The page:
Joint vs Shared. Sole vs Full. While often used interchangeably, each has a very specific meaning under Louisiana Law!

Custody terms are often misunderstood.

The care and decision-making concerns of children are at stake in a divorce or child custody case. It's important that everyone is on the same page in knowing what these terms mean.

What are the Different Types of Child Custody?

The two types of child custody in Louisiana are physical custody and legal custody.

Legal custody, whether it is held by one parent or shared by both parents, gives a parent the right to make decisions about the child's upbringing, such as schooling, health care, and other significant decisions.

Physical custody, whether it is held by one parent or shared by both parents, refers to the physical legal care of the child and where your child or children live.

What is Sole Custody?

Sole Custody means one parent has the sole legal care and decision-making ability for a child. This may be referred to by some people as full custody.

Sole custody is rare and is usually limited to situations where one parent is unfit or incapable of having any form of responsibility for a child -- for example, due to drug addiction or evidence of child abuse.

Usually, with sole custody, the parent is granted sole physical custody and sole legal custody.

With sole custody, the custodial parent has sole rights to make major decisions about the child's life.

With sole custody, the other parent may have periods of visitation. Visitation could be ordered to be supervised.

The non-custodial parent is still obligated to pay child support.

What is Joint Custody?

Joint Custody means both parents share the care and decision-making ability for a child. Both parents have periods of physical custody, but one may have more physical custody time than the other.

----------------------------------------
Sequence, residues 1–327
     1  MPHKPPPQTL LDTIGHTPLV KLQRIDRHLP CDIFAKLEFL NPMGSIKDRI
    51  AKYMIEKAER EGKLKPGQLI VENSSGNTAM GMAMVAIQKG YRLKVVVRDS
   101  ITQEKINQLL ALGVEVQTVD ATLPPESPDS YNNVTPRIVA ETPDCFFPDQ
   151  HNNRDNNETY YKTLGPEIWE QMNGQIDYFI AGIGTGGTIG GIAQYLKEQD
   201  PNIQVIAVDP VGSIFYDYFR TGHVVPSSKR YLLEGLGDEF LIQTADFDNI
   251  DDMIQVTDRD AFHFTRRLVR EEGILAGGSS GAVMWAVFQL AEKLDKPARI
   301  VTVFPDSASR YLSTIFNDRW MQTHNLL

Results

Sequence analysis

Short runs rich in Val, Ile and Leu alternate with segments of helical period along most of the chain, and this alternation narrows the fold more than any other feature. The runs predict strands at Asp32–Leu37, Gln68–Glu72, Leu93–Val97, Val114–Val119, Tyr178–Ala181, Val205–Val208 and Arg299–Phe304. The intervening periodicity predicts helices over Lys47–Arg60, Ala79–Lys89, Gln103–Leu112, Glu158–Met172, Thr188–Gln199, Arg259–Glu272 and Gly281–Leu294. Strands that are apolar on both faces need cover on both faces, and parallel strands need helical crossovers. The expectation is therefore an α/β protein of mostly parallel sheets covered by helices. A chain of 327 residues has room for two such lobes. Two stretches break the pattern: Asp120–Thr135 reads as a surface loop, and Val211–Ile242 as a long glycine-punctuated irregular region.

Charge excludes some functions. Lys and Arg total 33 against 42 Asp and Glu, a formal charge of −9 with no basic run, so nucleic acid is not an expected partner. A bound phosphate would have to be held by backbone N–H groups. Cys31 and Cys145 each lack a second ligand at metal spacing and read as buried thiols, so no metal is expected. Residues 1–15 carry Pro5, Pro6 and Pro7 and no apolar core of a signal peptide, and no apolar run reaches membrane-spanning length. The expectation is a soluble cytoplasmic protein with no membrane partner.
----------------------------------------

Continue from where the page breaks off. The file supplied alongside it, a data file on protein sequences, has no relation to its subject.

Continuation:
Joint custody is preferred in Louisiana. Louisiana courts believe in the large majority of cases, it is in the best interest of the child to have parenting time with both parents.

Joint legal custody provides both parents with control over important decisions regarding their child's upbringing.

Joint physical custody means that the child lives with both parents. Joint custody schedules can vary widely.

Even if one parent has more actual physical custody of a child than the other, the custody is likely joint, with each parent able to exercise parental rights during their periods of custody (unlike visitation).

This is the most common custody arrangement in Louisiana.

What is Shared Custody?

Shared Custody means both parents share physical custody equally.

Shared Custody aims to give both parents the same amount of physical time with the child and is also commonly referred to as 50/50 custody.

Shared Custody is a very specific type of Joint Custody.

What is a Domiciliary Parent?

In the case of joint or shared custody, a domiciliary parent will be appointed. This is the party with whom the child will have their primary residence, even if the arrangement is a 50/50 split.

If you are going through a divorce or have questions about your custody agreement, give our child custody lawyers a call at 985-240-9773.

Loyd J. Bourgeois
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Nationally recognized attorney dedicated to fighting life's legal battles with compassion and care